McHale, Parish symbolize Celtics' decline Veterans struggle along with team

January 03, 1993|By Boston Globe

SEATTLE -- When he takes the court these days, Kevin McHale looks like a man toe-dipping his way into an ice cold pool. His steps are tentative and he often winces. Just last week, he spun himself into the lane during a scrimmage, a move he has made perhaps a million times, but his shot barely nicked the rim and he came away limping.

McHale's daily battle against the inexorable deterioration of his left ankle has come to mirror that of the Celtics.

The team's difficult struggle against its own obvious decline has never been more evident than on the just-completed road trip, which included lopsided defeats at Utah, Sacramento, Seattle and a six-point loss to the Los Angeles Clippers.

One Sacramento writer sarcastically compared the significance of the last-place Kings' 118-102 win over Boston to the changes in Eastern Europe.

The effect of the trip has been not only to further expose Boston's fall from grace but to highlight the team's deficiencies, some of which have little to do with well-documented point guard problems. Management took a step toward alleviating part of that problem last week by activating 32-year-old John Bagley.

Asked whether he would describe the Celtics as poor, mediocre or good right now, Robert Parish responded:

"Well, we're definitely not good, and I wouldn't say we're poor. I would call us average. I don't want to use the word 'mediocre' because it makes you sound like you're talking about a church league or something."

More than anything, the Celtics' age and lack of athleticism have been showing. In the Utah game, the team had no one to match up with Karl Malone.

Few teams do, but the point was driven home the next game when Sacramento's Wayman Tisdale and Lionel Simmons, talented but hardly premier players, combined for 60 points against Xavier McDaniel and Alaa Abdelnaby.

During the first half Sunday, while Simmons was slicing through the Boston defense for 19 points, McHale was working out on one of the Kings' stationary bicycles, unable to play because of his chronically sore ankle. Whether he will be able to provide the offensive and defensive help that Boston so obviously needs now is another matter.

When asked about McHale after the Sacramento loss, Parish actually said, "We missed him, but I don't think Kevin McHale would have mattered tonight," an unthinkable statement in recent years. McHale himself is so uncertain of his status he is unable to even guarantee that he will not retire before the end of the season.

"Right now, I still feel like I'd like to be out there playing," he said. "But health is a big part of it."

Because of what the Celtics went through leading up to Larry Bird's retirement, there is a tendency to overlook McHale's significance. "To me, he's the second greatest post player in the history of the game, after Kareem Abdul-Jabbar," said assistant coach Jon Jennings.

"If you watch what some of the young guys in the NBA and in college are doing, they're using stuff that Kevin created. Kevin is a unique breed; he's a revolutionary player."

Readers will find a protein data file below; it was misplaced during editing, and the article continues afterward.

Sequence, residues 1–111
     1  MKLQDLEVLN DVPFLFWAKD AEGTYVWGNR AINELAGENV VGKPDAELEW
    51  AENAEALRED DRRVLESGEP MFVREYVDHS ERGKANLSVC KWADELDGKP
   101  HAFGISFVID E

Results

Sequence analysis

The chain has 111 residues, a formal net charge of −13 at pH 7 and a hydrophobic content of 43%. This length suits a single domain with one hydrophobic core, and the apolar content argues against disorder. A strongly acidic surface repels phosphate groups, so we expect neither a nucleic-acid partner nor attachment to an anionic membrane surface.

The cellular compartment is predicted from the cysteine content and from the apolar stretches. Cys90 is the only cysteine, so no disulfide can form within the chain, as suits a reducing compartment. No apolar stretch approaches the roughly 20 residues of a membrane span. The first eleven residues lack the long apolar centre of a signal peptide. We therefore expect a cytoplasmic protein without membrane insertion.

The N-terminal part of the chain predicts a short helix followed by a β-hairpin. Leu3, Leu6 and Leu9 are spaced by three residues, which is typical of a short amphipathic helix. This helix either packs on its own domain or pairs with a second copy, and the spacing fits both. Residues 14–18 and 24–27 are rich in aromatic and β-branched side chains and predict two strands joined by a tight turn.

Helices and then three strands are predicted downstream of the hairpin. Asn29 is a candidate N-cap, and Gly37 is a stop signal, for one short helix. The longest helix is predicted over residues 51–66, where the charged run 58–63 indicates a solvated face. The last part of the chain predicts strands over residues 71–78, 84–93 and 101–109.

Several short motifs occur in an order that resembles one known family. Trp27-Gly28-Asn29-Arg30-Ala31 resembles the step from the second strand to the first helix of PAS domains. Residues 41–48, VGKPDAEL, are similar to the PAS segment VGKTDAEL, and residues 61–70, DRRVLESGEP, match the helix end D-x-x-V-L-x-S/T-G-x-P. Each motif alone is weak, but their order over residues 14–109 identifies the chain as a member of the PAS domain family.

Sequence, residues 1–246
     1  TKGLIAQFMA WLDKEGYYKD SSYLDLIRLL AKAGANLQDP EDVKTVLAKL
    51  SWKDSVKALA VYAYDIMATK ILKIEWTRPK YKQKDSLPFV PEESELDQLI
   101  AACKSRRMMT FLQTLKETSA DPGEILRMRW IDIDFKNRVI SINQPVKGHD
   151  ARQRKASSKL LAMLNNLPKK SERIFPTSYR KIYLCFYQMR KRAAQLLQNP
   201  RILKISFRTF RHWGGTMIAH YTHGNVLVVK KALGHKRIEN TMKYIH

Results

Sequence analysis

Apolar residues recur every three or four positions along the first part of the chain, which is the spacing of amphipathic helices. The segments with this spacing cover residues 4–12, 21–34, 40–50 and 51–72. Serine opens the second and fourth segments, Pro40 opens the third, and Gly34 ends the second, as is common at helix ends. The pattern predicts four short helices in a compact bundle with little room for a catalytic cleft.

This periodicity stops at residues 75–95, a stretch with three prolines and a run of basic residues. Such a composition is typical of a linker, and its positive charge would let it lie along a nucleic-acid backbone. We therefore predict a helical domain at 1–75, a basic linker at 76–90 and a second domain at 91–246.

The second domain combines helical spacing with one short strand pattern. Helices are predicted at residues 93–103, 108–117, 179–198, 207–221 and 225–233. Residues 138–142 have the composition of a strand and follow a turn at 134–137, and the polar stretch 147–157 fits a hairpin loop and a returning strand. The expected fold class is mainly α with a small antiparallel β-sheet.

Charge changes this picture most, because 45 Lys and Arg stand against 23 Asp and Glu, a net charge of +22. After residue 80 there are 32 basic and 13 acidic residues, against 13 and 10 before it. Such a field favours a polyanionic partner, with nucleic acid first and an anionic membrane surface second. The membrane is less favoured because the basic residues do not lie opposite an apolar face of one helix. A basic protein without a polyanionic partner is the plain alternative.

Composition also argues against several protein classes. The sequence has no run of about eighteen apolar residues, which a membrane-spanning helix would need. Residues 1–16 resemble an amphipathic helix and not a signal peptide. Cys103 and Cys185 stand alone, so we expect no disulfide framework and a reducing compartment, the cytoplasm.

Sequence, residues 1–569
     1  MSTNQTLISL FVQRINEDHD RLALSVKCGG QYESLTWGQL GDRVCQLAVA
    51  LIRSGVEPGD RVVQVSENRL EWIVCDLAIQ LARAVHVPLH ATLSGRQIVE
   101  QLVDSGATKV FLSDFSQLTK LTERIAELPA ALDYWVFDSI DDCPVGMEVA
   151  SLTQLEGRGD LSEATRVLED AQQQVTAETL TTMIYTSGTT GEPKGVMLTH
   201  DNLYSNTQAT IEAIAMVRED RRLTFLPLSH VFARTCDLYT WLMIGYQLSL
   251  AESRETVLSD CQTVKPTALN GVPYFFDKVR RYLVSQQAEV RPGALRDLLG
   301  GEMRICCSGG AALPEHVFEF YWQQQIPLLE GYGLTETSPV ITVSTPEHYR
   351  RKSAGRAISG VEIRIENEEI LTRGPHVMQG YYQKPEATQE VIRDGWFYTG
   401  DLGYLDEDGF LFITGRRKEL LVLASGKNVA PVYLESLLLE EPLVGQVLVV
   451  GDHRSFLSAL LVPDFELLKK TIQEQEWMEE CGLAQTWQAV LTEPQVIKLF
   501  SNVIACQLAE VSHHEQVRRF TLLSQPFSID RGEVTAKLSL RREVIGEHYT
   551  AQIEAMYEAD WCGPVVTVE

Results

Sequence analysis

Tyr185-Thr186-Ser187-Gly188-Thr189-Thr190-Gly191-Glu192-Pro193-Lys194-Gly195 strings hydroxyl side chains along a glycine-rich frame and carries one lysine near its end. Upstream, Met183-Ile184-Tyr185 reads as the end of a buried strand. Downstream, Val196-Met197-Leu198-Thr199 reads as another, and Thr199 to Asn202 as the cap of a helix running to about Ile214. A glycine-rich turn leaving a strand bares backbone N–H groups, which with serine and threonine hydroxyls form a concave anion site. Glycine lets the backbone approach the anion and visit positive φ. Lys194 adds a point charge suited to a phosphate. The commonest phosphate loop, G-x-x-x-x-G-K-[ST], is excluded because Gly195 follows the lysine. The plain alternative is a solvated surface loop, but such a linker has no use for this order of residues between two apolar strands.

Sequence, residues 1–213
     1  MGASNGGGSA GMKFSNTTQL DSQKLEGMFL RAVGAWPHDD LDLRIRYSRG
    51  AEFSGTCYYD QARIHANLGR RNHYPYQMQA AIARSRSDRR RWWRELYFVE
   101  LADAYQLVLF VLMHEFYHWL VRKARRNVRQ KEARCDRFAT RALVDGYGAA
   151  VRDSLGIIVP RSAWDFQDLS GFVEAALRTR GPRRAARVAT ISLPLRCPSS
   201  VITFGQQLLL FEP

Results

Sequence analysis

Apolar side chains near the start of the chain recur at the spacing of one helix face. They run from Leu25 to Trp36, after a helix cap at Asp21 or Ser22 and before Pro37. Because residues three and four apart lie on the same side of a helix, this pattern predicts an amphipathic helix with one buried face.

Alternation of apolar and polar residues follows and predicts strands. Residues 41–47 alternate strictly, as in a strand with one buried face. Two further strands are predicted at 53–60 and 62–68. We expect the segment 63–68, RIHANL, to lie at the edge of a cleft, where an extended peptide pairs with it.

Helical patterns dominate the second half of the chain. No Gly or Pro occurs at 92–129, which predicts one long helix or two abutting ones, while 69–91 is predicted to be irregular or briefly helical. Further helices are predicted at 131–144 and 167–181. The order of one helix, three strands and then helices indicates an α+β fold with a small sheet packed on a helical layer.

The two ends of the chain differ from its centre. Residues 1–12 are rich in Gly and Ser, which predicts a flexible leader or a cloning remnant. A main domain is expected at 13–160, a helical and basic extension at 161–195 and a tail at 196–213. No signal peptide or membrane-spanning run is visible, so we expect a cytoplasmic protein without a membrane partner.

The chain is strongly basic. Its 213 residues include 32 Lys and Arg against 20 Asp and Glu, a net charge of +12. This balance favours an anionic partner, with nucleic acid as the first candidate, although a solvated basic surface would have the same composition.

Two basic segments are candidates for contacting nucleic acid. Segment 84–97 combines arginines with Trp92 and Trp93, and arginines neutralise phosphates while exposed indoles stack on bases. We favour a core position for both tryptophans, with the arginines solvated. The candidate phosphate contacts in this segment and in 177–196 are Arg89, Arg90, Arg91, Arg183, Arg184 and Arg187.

One of the finest defensive players during the '80s, McHale could shut anyone down on any given night.

Now, as he himself admitted before the start of the season, his ankle has limited him severely. He said wistfully, "I wish I could go out there again and just lock someone up. Just say, 'There is absolutely no way this guy will score on me, no matter what he does.' "

Those days are obviously gone. At this point, the obvious question for McHale, who has done everything, is financially secure and is now playing out his historic career on a team in transition, is 'Why?' "I just like to play," he said. "I don't think there's anything of biblical proportions about it. I just like to play basketball."

To this point, the changing of the guard has been symbolized by Reggie Lewis, the team captain, but Lewis has been strangely quiet lately, continuing the question of whether he can assume the role that is expected of him.

Lewis' shooting slump may be just that, something he will shoot his way out of. The point guard problems also have contributed, but it may be that Lewis is having trouble adjusting to different defenses that are being thrown at him.

Chris Ford has said that teams have been playing Lewis differently than last year, using different people against him throughout the game.

Meanwhile, it is still difficult to tell what is happening with Parish. The oldest player in the league at 39, he was virtually no help offensively on the trip, tried to find his range, missing short, then long, then long again on his fallaway, never to find it, really.

The team hopes now that Bagley can be the agent to address many of these problems.

Bagley said that his goal would be, "to make sure that everybody gets off with their game." If he can't, it will be difficult to continue foisting most of the blame on the point guard situation.

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